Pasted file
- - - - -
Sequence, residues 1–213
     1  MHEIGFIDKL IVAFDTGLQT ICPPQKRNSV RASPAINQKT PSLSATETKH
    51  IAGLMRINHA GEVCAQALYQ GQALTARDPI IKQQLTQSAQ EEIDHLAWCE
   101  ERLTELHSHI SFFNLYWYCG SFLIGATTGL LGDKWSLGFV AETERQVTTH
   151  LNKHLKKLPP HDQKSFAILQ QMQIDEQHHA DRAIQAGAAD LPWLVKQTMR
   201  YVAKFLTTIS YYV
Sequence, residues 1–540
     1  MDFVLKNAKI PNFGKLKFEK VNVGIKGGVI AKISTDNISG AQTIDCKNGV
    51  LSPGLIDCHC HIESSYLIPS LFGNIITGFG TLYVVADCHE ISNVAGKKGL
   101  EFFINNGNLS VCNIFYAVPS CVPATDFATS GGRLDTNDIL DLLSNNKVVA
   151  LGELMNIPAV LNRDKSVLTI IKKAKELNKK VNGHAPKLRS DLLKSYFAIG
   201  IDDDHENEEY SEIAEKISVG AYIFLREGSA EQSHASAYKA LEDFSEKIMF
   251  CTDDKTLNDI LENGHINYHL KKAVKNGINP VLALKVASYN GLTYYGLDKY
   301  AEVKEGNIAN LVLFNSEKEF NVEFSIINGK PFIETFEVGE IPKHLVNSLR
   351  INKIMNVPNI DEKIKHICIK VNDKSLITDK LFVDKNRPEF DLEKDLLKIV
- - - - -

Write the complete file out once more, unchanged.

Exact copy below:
Sequence, residues 1–213
     1  MHEIGFIDKL IVAFDTGLQT ICPPQKRNSV RASPAINQKT PSLSATETKH
    51  IAGLMRINHA GEVCAQALYQ GQALTARDPI IKQQLTQSAQ EEIDHLAWCE
   101  ERLTELHSHI SFFNLYWYCG SFLIGATTGL LGDKWSLGFV AETERQVTTH
   151  LNKHLKKLPP HDQKSFAILQ QMQIDEQHHA DRAIQAGAAD LPWLVKQTMR
   201  YVAKFLTTIS YYV
Sequence, residues 1–540
     1  MDFVLKNAKI PNFGKLKFEK VNVGIKGGVI AKISTDNISG AQTIDCKNGV
    51  LSPGLIDCHC HIESSYLIPS LFGNIITGFG TLYVVADCHE ISNVAGKKGL
   101  EFFINNGNLS VCNIFYAVPS CVPATDFATS GGRLDTNDIL DLLSNNKVVA
   151  LGELMNIPAV LNRDKSVLTI IKKAKELNKK VNGHAPKLRS DLLKSYFAIG
   201  IDDDHENEEY SEIAEKISVG AYIFLREGSA EQSHASAYKA LEDFSEKIMF
   251  CTDDKTLNDI LENGHINYHL KKAVKNGINP VLALKVASYN GLTYYGLDKY
   301  AEVKEGNIAN LVLFNSEKEF NVEFSIINGK PFIETFEVGE IPKHLVNSLR
   351  INKIMNVPNI DEKIKHICIK VNDKSLITDK LFVDKNRPEF DLEKDLLKIV